Advanced Imaging


Advanced Imaging Magazine

Updated: July 8th, 2008 05:26 PM CDT

Bean Counting



February 2004


In this difficult economic environment for machine vision in particular, I was delighted to have contributing editor, Don Braggins, give us some valuable insight into the economic modeling forecasts for the true value of the worldwide machine vision industry. Don, whose views were expressed at a speech in Belgium on January 20th at the Optique et Vision Industrielle, Louvain de le Neuve conference, attempts to reconcile the difference between the way the AIA and German-based VDMA market research reports are structured:

?The years 2001 and 2002 were difficult for vision suppliers, as with most other industry sectors, and the slight downturn in market value and increase in average value of a system between the two years is probably of no real significance. It does, however, look as if the years of ever-increasing market value for these general-purpose systems are now behind us, and the average values of systems are struggling to keep just above the $10,000 level.? Don adds, ?It will be seen that there are several different ways of analyzing and presenting market data. One of the objectives of the European Machine Vision Association, formed in 2003, is to collect and present statistics in a way which can be reconciled with both the existing well-established VDMA process for the German market and, by suitable arithmetical operations, can also be compared directly with the AIA format. In this modified state, the data can then be incorporated into the AIA World Survey on a consistent basis. It will probably take more than one year to do this completely.?

Don further adds that ?It will be obvious to anyone familiar with the industry that a major contributor to the falling average value of a vision system of this ?general-purpose' type is the emergence of the so-called intelligent or smart camera, of which there are many, but those of the German company Vision Components and the US company DVT are perhaps best known. In 2002, these contributed an estimated 8,500 units of the total of 25,500 vision processors (ignoring boards becoming part of systems)?i.e., one third of all units?yet they contributed $11M out of $229M of value, just under five percent!?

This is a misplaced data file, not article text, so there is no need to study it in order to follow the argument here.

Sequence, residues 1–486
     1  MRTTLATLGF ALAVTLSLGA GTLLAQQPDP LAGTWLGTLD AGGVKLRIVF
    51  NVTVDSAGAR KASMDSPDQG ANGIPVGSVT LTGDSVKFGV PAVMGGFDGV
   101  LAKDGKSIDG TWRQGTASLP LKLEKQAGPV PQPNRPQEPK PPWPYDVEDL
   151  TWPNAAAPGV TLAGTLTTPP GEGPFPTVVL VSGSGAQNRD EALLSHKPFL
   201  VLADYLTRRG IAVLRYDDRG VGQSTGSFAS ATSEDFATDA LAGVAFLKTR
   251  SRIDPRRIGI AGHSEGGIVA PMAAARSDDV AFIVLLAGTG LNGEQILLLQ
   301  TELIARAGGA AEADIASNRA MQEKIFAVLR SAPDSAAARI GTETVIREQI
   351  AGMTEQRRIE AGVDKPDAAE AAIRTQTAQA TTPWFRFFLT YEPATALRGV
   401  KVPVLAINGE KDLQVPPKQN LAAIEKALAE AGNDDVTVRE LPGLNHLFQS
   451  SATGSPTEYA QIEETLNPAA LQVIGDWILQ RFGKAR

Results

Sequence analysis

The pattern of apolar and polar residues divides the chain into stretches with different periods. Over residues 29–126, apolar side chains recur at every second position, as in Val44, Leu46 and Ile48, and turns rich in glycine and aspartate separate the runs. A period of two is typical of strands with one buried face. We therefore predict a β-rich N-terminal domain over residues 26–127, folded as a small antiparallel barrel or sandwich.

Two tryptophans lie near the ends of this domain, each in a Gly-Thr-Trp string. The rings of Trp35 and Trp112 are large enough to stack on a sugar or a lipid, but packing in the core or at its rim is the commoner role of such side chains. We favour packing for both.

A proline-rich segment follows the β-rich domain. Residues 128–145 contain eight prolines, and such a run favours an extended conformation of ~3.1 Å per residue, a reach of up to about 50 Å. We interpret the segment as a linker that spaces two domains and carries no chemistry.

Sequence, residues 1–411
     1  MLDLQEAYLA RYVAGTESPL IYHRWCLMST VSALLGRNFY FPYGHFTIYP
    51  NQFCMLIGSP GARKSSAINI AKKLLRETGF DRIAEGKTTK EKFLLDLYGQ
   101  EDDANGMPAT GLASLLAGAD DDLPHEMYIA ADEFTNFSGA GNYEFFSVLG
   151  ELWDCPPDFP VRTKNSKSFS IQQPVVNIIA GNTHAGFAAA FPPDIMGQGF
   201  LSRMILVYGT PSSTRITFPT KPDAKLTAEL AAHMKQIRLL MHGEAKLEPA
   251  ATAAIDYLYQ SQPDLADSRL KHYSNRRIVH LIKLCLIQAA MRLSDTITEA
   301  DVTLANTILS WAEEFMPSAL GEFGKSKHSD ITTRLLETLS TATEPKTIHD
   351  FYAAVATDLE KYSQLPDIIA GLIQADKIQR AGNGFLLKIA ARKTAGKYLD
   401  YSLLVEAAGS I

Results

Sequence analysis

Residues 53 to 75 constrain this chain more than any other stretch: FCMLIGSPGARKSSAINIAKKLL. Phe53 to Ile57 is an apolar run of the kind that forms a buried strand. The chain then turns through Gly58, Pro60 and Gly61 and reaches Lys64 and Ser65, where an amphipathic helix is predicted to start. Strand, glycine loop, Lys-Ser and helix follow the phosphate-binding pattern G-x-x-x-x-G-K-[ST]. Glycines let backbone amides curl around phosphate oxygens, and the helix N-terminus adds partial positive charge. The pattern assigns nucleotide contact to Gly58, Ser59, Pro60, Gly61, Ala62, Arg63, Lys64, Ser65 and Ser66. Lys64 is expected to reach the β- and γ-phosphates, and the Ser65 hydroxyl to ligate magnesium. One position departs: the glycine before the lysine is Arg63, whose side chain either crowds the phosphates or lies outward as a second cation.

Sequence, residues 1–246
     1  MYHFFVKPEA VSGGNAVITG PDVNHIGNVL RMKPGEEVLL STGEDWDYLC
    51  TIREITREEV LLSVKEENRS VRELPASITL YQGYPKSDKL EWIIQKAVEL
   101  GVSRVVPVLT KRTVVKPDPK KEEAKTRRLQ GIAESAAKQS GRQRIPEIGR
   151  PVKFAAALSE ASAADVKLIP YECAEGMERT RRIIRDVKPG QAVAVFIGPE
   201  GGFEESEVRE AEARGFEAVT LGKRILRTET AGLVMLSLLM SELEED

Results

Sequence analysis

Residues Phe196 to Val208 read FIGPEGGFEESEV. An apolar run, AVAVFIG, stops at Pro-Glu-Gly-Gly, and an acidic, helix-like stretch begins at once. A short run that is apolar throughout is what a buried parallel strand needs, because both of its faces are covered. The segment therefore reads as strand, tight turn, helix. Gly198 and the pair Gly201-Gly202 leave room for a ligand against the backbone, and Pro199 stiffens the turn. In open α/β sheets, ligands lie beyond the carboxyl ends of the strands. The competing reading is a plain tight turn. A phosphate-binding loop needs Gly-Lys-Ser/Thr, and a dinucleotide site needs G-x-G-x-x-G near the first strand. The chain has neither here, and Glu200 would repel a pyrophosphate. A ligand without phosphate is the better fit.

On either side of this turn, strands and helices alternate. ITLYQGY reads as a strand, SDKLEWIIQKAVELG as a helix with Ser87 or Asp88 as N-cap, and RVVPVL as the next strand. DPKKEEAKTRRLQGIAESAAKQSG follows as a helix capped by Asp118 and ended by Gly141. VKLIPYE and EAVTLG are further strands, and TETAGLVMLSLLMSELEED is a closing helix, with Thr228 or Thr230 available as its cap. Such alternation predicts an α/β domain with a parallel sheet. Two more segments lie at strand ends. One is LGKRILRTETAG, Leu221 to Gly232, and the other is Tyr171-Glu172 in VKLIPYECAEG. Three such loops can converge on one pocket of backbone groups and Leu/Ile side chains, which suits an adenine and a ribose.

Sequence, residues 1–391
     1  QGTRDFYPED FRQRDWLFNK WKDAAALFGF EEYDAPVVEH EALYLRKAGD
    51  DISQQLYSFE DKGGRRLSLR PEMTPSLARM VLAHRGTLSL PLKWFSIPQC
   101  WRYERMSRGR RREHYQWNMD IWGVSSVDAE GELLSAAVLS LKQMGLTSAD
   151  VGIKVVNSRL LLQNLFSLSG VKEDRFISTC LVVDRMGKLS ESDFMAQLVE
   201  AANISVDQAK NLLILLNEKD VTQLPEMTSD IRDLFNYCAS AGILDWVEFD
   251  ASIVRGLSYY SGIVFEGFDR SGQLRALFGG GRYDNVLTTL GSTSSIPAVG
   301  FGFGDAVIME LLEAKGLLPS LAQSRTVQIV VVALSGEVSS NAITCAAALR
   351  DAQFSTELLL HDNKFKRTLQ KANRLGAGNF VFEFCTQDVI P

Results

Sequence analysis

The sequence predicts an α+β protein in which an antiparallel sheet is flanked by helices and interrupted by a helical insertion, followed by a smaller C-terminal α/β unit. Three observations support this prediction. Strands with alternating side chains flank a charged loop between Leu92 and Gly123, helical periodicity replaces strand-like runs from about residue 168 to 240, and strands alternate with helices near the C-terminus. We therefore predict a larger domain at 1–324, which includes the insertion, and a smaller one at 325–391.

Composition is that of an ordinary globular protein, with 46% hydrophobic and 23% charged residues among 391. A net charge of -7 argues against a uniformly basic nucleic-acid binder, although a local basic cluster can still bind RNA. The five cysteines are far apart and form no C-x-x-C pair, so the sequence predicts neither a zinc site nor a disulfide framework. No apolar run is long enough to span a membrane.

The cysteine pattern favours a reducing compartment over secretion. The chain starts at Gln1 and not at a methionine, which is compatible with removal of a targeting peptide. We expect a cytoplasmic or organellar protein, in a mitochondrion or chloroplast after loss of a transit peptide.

I applaud this pioneering effort by Don. Nello Zeuch, who compiles the AIA forecast, does an outstanding job also. However, many of us who live in the world where it takes more than an optimistic forecast to get through a fiscal quarter?or, even better yet, a week?are perplexed by some of the large numbers that accompany these reports. The AIA was generous in giving me a copy of the last published report, but I will keep silent with my observations. The ROI Marketing Group segments out all vertical market segments, even the recently Korean-sponsored forecasts for the Asian and Far East Market.

Machine vision alone does not constitute all of the electronic imaging markets covered in this publication. The core technology that we cover may apply to various vertical market niches, but ask a machine vision specialist about DICOM interfaces for medical applications, or even MPEG4 H.264, and you will get a blank stare. If the camera, frame grabber or optics fit other applications, okay; just don't add them up as machine vision applications because machine vision centers its attention on inspection. Furthermore, speed and affordability with a productivity payback are critical to machine vision apps, whereas an app such as biomedical requires longer exposure times to capture the chemical reaction to ions emitting a green and sometimes red fluorescent response. Yet, noise and amplification are critical for the sensor, but the results are very different. A very serious discussion can also be made for throwing every product that is marketed for applications beyond visible light into IR categories.

It is the daily real world that we have to endure to make the paychecks!

Len Yencharis


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